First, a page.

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House rules,

Parents’ version

In my house, I have lots of procedures — carry plate and utensils to sink when finished eating, put 50 percent of money in ‘save’ bank and 50 percent in ‘spend’ bank — but very few rules. I don't know if this is brilliance on my part or sheer laziness. I don't want to have to remember a ton of rules and be a police officer. — Carrie Vittitoe House rule #1 ... never leave without saying “good-bye,” whether you’re heading to work, running an errand, leaving a family event, or heading to bed for the night. — Lorie Gant Leitner At this point in life our rules revolve mainly around screen time. As the mother of two confirmed vidiots and one adolescent texter, I have to lay down the law in that area. One hour on a school night and two hours on weekends, with mother's discretionary power! — Barb Hartman My husband and I recently instituted a new rule of no electronics on Sundays to enhance our traditional family/ movie/game night. — Sanna Rogers

No computer on Sundays!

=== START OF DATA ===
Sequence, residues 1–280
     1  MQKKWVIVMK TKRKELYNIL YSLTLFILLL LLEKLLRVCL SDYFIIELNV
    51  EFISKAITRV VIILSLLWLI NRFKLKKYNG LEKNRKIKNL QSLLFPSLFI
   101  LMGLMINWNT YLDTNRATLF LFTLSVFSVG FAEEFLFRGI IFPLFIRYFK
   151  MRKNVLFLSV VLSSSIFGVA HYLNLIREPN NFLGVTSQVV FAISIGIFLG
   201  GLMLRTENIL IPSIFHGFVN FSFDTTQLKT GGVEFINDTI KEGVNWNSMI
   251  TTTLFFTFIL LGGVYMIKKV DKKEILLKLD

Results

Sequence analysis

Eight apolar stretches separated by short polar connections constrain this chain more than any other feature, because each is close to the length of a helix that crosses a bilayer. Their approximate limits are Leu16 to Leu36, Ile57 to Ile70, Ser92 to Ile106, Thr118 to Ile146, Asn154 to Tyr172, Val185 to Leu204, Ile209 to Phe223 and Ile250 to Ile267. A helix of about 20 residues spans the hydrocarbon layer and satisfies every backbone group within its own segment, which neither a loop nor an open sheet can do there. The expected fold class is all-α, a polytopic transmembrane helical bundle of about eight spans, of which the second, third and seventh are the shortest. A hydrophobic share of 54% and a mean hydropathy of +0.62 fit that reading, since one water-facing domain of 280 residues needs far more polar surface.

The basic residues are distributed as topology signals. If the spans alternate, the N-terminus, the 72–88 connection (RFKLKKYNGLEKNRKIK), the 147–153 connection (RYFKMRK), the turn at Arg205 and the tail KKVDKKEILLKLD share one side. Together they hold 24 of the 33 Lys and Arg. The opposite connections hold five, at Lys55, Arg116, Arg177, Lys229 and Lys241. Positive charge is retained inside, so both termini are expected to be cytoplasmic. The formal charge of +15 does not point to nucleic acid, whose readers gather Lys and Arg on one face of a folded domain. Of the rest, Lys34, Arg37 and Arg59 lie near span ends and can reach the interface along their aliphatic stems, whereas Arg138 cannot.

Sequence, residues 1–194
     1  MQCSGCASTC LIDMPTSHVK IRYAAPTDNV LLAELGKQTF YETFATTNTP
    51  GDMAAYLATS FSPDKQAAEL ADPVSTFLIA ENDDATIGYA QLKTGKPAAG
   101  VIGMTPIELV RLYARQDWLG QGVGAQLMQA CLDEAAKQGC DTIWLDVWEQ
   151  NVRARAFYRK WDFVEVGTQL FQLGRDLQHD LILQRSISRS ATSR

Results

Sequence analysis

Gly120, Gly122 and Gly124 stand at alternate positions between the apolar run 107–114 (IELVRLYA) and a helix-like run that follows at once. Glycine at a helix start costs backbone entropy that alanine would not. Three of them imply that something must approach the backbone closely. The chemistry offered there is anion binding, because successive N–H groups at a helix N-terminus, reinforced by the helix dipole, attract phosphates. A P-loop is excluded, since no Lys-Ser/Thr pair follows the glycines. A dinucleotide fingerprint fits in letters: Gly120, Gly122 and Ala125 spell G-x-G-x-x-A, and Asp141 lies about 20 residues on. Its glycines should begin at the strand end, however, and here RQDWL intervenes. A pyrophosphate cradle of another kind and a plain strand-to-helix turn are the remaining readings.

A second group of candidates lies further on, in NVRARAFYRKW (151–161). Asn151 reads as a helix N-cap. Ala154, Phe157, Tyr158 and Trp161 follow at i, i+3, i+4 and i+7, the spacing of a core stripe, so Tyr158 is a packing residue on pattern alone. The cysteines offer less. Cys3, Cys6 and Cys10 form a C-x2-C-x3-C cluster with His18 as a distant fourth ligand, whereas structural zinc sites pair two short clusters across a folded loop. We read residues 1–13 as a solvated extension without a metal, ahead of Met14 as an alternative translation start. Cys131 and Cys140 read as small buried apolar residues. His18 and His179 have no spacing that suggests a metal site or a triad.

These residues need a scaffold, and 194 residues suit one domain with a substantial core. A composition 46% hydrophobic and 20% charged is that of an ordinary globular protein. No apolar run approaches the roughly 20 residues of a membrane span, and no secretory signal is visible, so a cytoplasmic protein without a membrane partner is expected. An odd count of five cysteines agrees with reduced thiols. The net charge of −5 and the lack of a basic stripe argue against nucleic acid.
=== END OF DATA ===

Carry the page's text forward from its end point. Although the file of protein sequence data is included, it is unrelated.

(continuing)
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what some call “rules,” others might refer to as “expectations” or “guidelines.” If the bottom line is the same, does it matter how we go about it? Do our kids know what the rules are in the family; do they know what is expected of them? It’s a question that strikes close to the heart of all parents; are we doing our child-rearing properly? I thought it might be best to start by asking the kids themselves. I asked several kids of varying ages and genders about the house rules in their family. Afterward, I spoke to a few of their parents to get reactions to the children’s interpretations of the rules. Finally, I spoke with a counselor who offered her professional insight into the fundamental importance of rule-making in the home. Nearly every child I talked to had to first think a minute before responding to my question, “What are the rules in your house?” Once they thought about it though, I did get the information I was expecting. Common threads came from each kid: • No yelling or hitting • Use nice words • Do your chores without complaint • Be respectful of parents and each other • Don’t ride your bike without a helmet • Don’t play games or watch TV/movies that are inappropriate I even got some very specific rules from a few kids. Toby, 9, told me that he isn’t allowed to cut his brother’s hair; he said he did this once and left a bald spot. (Mom says that’s not even the way the bald spot occurred but doesn’t want to dissuade Toby from this otherwise good rule to follow.) Chase, 11, told me that if he tells his sister to “shut up” he will be grounded for a month. Lydia, 8, gave me a recitation of proper table manners that would put Miss Manners to shame! How do the kids feel about these rules? Ty, 12, tells me “There’s a lot in the world I could do bad but I can’t do here. [Following rules] will make me a good man.” Spencer, 18, who is leaving home for college and admits to feeling a bit stifled by house rules these days, agrees. “Kids have to have rules, or it would be a free-for-all.” Caleb, 11, shared that he and his brothers do their chores because it’s “just part of being a family.” Shanon, 15, has discovered the key to getting along. “If I am good to my parents, they are good to me. When we don’t communicate with mom, she worries.”